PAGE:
One Hot Minute

Red Hot Chili Peppers

Warner Brothers Records, 1995

http://redhotchilipeppers.com

REVIEW BY: Pete Crigler

ORIGINALLY PUBLISHED: 06/11/2016

Well, the year was 1995. John Frusciante had seemingly been lost to the world, enveloped in a never-ending heroin spiral. It had been four years since the breakthrough of Blood Sugar Sex Magik and the Chili Peppers needed to do something to stay relevant. So they decided to hook up with former Jane’s Addiction’s guitarist Dave Navarro and prayed for the best.

The result was One Hot Minute, a record that has gotten a bit of a bum rap, even from the band themselves. In the twenty years since this disc, they’ve only recently (2016) started playing “Aeroplane” again. That track sounds like a pop song to me; it doesn’t feel like good ol’ Chili Peppers. The album’s first single “Warped” is the track that really, really got me into the Chili Peppers. It’s got so much energy and ambition. Flea, Chad Smith, and Navarro are on fire musically and to me, it became one of the definitive Peppers tracks in terms of energy; it’s always managed to pump me up no matter when I’ve heard it.my_heart_sings_the_harmony_web_ad_alt_250

The main detriment to the whole disc is Navarro’s guitar playing. It’s not that it was terrible – far from it. In fact, the record could’ve used more guitar. Overdubs would’ve been really nice, particularly on tracks like “Warped” and the meandering “Falling Into Grace.” But then there are tracks like “Coffee Shop” and “My Friends,” which really help from light playing.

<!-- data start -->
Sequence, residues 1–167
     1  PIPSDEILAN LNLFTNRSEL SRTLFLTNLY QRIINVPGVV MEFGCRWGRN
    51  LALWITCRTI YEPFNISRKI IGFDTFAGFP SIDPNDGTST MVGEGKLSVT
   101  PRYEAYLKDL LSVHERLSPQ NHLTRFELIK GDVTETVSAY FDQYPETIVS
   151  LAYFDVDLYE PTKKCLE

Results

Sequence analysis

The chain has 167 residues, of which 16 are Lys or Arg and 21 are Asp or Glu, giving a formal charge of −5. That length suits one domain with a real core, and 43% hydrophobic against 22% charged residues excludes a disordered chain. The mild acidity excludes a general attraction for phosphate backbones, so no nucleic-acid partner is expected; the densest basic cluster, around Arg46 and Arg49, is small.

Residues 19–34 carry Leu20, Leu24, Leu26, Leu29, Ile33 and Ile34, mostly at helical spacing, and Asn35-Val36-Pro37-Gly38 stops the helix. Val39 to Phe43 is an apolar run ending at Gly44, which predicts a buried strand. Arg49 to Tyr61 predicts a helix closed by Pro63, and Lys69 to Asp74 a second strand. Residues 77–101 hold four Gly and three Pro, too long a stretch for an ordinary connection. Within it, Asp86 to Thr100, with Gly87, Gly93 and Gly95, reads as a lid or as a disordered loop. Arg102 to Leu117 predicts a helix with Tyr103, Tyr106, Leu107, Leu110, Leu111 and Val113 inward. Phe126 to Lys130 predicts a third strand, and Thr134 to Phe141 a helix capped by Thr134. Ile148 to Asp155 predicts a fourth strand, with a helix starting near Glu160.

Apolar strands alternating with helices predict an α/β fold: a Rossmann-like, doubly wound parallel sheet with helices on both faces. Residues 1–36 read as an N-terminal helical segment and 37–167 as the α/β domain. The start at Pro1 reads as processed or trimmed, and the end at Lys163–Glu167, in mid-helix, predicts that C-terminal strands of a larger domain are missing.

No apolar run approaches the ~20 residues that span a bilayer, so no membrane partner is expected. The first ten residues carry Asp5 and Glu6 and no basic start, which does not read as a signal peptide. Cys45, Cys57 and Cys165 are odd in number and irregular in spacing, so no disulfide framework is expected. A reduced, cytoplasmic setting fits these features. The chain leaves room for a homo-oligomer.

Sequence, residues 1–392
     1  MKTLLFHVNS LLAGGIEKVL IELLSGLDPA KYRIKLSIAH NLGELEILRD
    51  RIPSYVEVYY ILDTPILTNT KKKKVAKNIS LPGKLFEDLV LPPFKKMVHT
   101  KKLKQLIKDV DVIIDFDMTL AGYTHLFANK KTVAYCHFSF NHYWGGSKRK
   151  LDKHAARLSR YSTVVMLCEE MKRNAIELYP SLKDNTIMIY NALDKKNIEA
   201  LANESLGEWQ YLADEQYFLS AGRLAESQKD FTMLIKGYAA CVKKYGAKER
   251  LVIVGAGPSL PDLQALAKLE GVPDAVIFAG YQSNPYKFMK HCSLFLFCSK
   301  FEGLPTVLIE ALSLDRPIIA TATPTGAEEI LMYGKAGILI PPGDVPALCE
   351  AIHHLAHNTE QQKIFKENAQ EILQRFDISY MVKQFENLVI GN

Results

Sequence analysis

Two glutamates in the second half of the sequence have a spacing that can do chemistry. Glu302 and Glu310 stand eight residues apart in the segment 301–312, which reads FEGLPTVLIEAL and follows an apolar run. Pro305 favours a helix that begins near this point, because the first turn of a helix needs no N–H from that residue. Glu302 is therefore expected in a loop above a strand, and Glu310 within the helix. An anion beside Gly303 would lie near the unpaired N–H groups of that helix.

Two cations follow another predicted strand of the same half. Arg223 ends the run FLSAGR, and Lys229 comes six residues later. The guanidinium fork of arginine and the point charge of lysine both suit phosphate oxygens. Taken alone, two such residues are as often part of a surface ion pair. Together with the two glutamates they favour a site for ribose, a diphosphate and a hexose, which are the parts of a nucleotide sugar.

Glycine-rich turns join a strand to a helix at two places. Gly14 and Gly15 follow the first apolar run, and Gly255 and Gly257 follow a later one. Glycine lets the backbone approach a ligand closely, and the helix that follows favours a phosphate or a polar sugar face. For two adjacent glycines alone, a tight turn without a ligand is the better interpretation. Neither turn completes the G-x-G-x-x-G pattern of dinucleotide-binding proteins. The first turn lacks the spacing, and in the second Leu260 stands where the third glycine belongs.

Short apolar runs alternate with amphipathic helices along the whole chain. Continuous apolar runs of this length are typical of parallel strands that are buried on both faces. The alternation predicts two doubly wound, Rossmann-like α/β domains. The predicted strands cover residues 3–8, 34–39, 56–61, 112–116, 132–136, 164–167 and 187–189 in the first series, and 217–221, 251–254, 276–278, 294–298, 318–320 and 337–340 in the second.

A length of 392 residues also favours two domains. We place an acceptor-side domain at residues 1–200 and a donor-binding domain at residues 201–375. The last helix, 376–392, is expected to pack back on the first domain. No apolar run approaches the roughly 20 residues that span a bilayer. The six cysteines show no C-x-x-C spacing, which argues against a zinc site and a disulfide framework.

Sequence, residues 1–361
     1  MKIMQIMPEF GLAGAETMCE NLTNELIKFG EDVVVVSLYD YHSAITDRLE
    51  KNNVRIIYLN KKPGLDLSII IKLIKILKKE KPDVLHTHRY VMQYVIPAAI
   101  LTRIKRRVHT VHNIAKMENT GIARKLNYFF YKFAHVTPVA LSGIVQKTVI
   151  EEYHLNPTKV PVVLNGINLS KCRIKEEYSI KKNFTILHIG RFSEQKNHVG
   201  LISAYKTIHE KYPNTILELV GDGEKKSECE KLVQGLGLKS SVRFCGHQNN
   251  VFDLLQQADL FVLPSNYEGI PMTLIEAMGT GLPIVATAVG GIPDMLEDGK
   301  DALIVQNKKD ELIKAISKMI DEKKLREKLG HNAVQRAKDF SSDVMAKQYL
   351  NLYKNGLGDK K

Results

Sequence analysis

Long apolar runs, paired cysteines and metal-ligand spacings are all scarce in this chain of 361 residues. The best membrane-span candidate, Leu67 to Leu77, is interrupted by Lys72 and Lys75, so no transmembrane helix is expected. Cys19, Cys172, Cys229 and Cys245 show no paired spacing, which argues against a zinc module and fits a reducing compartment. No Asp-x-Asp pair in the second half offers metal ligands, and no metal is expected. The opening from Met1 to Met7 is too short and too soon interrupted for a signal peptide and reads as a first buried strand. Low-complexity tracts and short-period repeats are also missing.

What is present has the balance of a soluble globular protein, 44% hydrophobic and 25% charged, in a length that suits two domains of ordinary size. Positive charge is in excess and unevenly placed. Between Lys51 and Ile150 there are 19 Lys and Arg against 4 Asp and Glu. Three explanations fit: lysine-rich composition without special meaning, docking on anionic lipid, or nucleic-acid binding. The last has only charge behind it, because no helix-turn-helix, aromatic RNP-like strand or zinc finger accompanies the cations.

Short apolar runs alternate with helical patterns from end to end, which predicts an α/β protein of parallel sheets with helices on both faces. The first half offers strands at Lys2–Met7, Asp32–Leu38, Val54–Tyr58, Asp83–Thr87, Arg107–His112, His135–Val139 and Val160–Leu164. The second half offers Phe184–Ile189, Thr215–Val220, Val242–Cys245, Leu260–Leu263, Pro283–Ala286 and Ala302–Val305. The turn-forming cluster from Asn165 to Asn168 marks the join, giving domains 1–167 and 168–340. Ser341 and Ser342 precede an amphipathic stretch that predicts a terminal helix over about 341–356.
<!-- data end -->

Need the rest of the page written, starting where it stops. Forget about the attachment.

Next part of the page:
“Deep Kick” is one of the most autobiographical tracks the band ever recorded; recounting their early years at high school, the song is a welcome detour from the overall weirdness of the record. Then of course, there’s “Pea,” Flea’s chance to shine, which brings some fun to the proceedings. Tracks like “Walkabout” and the quite different “Transcending,” the band’s ode to River Phoenix, tend to bring things down a bit and don’t really make themselves worthwhile of revisiting.

It’s been stated since that Anthony was deep into addiction again during this time and that Flea had to pick up a lot of the slack in terms of lyrics here. That comes across all throughout the disc. On “Tearjerker,” Anthony’s voice doesn’t seem up to par, but Navarro’s playing is just stellar on the whole track. So it seems that the band was firing on about half the cylinders needed for a truly great and memorable disc. What we got instead was a half-decent disc that doesn’t get all the accolades that the future records with Frusciante would get.

Rating: B-

User Rating: A-


Comments









© 2016 Pete Crigler and The Daily Vault. All rights reserved. Review or any portion may not be reproduced without written permission. Cover art is the intellectual property of Warner Brothers Records, and is used for informational purposes only.